Plot: Gunn (Jim Brown) owns a popular nightclub known as The Gunn Club, which allows him to be involved in local social issues. His business provides him with steady income, not to mention a certain level of power, given his high profile presence. Gunn can protect people from harm or send them up the river, but he is not a cruel person. Instead, he just tries to run his club, romance the ladies, and enjoy his success. But if someone wrongs him or someone he cares about, Gunn will not hesitate to serve up his own brand of justice. His brother Scotty (Herb Jefferson, Jr.) is a radical, a young man who seeks to speak out and attempt to change the system. When he robs a mafia run gambling house and goes on the run, he reaches out to Gunn for protection, but can even Gunn fend off the mob?

Entertainment Value: Black Gunn might not be as well known as some of its peers in the blaxploitation genre, but it is a wild ride that packs in a good deal of action, colorful characters, light sleaze, and bad ass one liners. In other words, it ticks a lot of the boxes genre fans look for and then some. The story is by no means original, but family drama and revenge are reliable wells to go back to, so the movie’s narrative works well and sets up the various genre elements. The movie also benefits from a great cast and some fun performances, not to mention slick dialogue, which help balance out the rather straight forward plot threads. The focus tends to be on action in most scenes, but Black Gunn does invest some time to flesh out the lead character, so it does have a basic level of depth and development. The action is where its at however, with shootouts, chases, and brawls, all of which unfold fairly often, with the gun battles the most prominent of the set piece options. I wouldn’t call this bullet ballet by any means, but the action is fun to watch and has the b movie grit I wanted, so I was pleased. I think anyone with even a slight interest in blaxploitation or 70s action movies would be well served to check out Black Gunn.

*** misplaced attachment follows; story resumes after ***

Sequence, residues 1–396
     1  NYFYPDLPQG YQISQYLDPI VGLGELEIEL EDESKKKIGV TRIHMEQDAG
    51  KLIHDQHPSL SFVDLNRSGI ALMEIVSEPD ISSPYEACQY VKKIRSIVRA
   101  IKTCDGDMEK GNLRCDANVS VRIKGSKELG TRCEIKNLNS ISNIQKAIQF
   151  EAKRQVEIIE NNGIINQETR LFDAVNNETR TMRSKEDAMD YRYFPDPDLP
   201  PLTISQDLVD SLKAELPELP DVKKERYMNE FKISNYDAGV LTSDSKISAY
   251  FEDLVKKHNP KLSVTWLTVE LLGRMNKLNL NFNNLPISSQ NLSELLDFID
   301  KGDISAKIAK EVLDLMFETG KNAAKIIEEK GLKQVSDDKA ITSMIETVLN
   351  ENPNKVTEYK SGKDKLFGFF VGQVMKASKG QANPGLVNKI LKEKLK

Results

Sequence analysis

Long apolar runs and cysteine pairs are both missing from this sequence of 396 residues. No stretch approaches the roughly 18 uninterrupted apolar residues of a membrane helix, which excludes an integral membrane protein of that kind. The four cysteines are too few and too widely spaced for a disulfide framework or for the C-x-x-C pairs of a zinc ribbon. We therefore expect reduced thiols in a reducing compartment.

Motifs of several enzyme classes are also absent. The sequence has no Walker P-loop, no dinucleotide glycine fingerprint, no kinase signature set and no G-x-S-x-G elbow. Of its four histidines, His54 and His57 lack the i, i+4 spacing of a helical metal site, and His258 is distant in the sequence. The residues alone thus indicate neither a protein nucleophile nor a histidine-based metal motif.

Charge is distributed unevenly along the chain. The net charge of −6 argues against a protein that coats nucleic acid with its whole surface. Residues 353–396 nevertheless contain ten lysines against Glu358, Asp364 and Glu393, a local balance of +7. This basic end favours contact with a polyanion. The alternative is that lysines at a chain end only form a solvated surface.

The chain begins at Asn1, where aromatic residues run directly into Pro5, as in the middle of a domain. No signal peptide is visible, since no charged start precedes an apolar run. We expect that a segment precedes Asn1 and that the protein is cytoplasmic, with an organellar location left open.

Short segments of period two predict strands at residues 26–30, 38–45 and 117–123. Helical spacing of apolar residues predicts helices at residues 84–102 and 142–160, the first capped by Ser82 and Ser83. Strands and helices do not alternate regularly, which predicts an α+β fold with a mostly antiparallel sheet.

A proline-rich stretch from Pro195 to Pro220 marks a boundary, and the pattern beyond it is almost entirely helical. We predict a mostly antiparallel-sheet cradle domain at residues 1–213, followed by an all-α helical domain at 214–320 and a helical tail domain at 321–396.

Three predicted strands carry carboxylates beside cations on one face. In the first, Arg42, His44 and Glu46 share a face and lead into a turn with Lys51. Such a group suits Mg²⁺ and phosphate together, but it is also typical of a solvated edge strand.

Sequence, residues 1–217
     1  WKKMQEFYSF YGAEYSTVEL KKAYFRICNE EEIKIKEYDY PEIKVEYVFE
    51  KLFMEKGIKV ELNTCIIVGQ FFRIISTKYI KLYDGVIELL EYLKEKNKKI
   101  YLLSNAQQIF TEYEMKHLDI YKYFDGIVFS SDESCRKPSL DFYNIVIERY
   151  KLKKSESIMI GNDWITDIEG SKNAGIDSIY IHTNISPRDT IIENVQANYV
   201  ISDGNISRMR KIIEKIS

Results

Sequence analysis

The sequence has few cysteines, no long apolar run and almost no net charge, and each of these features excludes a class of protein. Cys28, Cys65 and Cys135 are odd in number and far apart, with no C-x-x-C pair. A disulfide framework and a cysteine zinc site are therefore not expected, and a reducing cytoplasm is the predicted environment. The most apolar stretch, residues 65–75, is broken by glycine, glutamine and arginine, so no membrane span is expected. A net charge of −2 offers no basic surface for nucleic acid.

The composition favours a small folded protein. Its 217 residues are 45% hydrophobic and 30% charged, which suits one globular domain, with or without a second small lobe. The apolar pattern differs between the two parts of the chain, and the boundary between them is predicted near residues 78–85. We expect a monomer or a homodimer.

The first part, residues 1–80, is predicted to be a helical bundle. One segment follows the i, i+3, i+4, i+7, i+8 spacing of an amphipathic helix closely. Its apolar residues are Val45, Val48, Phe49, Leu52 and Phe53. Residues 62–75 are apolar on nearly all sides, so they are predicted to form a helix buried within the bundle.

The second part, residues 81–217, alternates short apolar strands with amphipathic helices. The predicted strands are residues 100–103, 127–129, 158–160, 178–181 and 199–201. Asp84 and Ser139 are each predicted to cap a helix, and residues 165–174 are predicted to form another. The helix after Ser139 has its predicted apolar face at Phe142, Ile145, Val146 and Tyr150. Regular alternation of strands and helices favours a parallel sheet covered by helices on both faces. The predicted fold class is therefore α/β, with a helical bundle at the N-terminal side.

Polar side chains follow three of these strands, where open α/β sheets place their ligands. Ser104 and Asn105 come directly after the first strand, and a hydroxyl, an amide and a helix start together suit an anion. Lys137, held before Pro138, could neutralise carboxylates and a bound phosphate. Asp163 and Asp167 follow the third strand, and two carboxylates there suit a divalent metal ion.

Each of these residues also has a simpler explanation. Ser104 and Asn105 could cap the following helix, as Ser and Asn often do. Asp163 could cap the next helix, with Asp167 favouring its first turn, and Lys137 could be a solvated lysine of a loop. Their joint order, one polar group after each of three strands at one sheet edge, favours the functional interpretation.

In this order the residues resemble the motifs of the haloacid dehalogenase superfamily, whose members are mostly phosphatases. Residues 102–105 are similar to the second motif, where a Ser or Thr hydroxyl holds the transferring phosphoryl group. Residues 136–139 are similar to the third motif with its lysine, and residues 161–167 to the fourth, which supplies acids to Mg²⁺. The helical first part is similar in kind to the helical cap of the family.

I always like to Jim Brown in these kind of roles, as he has an authentic presence as a tough guy, which translates on screen. Of course, he was a titan on the football field and while he was running through the rival players back then, here he runs through cops, hoods, and even the mafia instead. I just think there’s real value in genuine tough guys and without question, Brown fits that bill. His acting might leave a little to be desired, but the role plays to his strengths and doesn’t push his range much, so he does what he does best most of the time. I think he handles the action scenes well, he can deliver a one liner with skill, and his general screen presence is effective. A more than capable lead and Brown is always fun to watch in Black Gunn. Martin Landau is also fun in his role in this one, a big mouth car salesman who dabbles in organized crime. I wish he had more scenes, as when he is wound up, he adds a lot to the movie. The cast also includes Brenda Sykes, Bernie Casey, and Gary Conway.

The Disc: Black Gunn has been released on Blu-ray by Mill Creek Entertainment, as part of a double feature with a second blaxploitation movie, The Take. The visual treatment here is solid, if unremarkable. I think it offers a decent upgrade over the DVD, but don’t expect a new scan or restoration here, just a slight uptick overall. The image looks clean and clear however, with good detail and while colors skew toward the muted end, the hues are well replicated. I can’t be certain, but the movie feels overly dark at times, but if so, that is an issue with the master, not this presentation.

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